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PUBLIC CHARITY VS PUBLIC FOUNDATION

Key Differences

Nonprofits organized under U.S. IRS Code Section 501(c)3 may be classified as either a public charity or a private foundation. Below are the key differences between the two which will help you in determining which type applies to your nonprofit organization. It’s important to note that when applying for 501(c)3 status, the IRS will recognize qualifying nonprofits as a private foundation by default until the nonprofit requests public charity status and shows appropriate cause for the change in classification. As part of an organization’s annual tax form 990 filing, a public charity must pass the public support test to avoid being reclassified as a private foundation by the IRS.

   Public Charity  Public Foundation
 Primary Function  Perform Charity Work. Support the work of public charities. 
 Tax Advantages for Donors Higher donor tax-deductibility giving limits which helps attract support from the public as well as other public charities and private foundations.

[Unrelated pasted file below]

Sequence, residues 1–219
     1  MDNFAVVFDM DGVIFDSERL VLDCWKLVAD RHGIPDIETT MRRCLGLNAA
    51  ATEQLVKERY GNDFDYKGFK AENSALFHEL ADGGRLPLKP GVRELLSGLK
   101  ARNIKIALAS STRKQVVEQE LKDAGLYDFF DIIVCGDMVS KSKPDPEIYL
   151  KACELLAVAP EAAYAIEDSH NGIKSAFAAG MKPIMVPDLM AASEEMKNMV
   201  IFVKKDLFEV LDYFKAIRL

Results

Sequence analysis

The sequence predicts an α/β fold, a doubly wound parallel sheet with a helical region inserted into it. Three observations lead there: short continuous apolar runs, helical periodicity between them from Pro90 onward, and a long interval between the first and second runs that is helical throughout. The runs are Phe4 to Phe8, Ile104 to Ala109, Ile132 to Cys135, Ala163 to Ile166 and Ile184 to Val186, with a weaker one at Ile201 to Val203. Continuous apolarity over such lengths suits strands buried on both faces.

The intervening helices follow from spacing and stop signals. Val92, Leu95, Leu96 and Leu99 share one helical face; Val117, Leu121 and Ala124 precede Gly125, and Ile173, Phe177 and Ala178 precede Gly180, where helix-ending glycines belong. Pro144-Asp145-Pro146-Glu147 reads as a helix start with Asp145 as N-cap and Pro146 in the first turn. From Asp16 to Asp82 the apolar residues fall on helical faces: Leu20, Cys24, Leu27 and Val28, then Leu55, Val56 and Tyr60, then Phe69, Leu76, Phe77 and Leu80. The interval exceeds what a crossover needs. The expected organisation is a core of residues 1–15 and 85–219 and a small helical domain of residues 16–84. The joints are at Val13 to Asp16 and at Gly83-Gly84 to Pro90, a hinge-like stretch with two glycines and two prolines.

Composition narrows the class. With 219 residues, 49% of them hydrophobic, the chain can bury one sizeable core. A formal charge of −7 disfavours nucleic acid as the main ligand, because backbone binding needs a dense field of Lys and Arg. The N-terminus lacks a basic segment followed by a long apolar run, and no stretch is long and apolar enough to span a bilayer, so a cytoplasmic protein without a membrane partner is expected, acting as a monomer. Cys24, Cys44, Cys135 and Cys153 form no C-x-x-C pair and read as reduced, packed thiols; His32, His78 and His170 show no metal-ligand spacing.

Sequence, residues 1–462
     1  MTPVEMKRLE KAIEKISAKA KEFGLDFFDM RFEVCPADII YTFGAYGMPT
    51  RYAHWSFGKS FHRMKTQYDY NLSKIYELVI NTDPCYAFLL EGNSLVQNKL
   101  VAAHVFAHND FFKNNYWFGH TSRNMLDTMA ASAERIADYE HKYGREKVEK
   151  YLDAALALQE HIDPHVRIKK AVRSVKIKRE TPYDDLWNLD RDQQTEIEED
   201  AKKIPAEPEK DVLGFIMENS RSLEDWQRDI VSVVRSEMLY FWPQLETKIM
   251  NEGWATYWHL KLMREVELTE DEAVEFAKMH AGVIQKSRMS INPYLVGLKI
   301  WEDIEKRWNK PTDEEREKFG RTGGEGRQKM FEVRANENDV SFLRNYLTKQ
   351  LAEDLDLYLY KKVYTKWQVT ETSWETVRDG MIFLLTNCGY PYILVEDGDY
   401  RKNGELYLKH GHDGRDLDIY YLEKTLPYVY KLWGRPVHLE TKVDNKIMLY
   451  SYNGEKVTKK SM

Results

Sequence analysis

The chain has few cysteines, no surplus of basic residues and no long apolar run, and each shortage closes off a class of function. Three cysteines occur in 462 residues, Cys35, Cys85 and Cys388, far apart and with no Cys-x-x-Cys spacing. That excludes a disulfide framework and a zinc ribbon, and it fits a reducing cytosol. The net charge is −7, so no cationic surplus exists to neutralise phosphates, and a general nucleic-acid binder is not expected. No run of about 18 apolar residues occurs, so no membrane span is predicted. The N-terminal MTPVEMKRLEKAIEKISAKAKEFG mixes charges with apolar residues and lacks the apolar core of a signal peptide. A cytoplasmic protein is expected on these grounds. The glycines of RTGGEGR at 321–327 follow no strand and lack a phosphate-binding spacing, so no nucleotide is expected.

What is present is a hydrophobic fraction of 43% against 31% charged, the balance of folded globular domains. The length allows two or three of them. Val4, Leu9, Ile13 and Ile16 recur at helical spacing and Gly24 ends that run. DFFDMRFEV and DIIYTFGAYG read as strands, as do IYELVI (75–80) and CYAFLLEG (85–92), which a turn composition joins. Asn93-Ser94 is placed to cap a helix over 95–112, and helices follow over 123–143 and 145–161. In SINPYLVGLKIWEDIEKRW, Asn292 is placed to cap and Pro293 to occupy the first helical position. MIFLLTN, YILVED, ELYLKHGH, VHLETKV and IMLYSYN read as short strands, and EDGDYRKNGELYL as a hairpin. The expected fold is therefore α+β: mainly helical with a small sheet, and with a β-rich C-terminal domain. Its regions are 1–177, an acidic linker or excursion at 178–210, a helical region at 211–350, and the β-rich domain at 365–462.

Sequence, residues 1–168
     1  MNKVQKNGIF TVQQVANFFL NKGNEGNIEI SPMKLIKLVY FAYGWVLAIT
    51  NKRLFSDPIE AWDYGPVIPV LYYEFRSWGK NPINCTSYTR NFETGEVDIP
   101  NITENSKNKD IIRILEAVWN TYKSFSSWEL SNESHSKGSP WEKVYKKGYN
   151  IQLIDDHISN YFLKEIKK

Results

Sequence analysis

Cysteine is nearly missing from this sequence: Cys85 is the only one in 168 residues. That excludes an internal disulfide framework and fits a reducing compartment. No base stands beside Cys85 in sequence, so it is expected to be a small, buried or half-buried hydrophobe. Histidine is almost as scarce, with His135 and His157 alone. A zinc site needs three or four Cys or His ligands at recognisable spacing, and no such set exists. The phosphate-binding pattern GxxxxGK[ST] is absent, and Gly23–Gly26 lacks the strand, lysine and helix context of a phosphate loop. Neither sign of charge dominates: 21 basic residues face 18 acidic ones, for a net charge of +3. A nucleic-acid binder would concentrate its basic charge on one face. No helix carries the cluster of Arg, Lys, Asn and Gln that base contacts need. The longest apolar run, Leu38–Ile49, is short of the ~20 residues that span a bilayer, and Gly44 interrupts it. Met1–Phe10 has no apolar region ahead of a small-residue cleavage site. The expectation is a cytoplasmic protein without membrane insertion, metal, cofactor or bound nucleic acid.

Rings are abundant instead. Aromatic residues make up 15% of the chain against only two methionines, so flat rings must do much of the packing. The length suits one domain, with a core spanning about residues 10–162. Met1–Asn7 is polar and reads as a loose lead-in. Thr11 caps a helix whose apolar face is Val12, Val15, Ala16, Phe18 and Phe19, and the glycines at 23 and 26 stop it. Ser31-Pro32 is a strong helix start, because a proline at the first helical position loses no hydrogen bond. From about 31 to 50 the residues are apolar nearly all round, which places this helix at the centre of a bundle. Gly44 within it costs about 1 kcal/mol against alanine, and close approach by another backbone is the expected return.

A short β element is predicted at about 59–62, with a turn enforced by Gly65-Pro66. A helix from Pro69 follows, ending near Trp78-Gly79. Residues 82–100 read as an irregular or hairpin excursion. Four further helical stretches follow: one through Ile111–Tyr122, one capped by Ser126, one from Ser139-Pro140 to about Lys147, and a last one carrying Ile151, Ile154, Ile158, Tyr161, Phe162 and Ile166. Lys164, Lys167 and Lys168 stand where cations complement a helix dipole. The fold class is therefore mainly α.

Deductibility limits for donors.  Often times private foundations are funded by one individual or a family.
 IRS Tax Filings (Types of IRS Forms for Nonprofits)  Form 990, 990-EZ, or 990-N. 
 Form 990-PF. 
 Examples Private schools, churches, homeless shelters, food pantries, etc. 
Family Foundations.
 Structure Articles of incorporation must restrict activities to those of a public charity 
The sole purpose of the foundation often times is to fund public charities. 
 Governance  Majority of the Board of Directors must be unrelated by blood, marriage or outside business co-ownership and not be compensated as employees of the organization.  
Closely governed. May be controlled by related parties and be funded by a relatively small group (including one individual and/or a family). 

 Public Support Test (How is this Calculated)

Must be supported by the general public with at least 33% of revenue coming from small donors who give less than 2% of the organization’s revenue, from other public charities, and/or from the government.  
No restriction on having a minimum amount of revenue provided by the public.  
 Annual Asset Distribution None. A minimum of 5% must be distributed each year.

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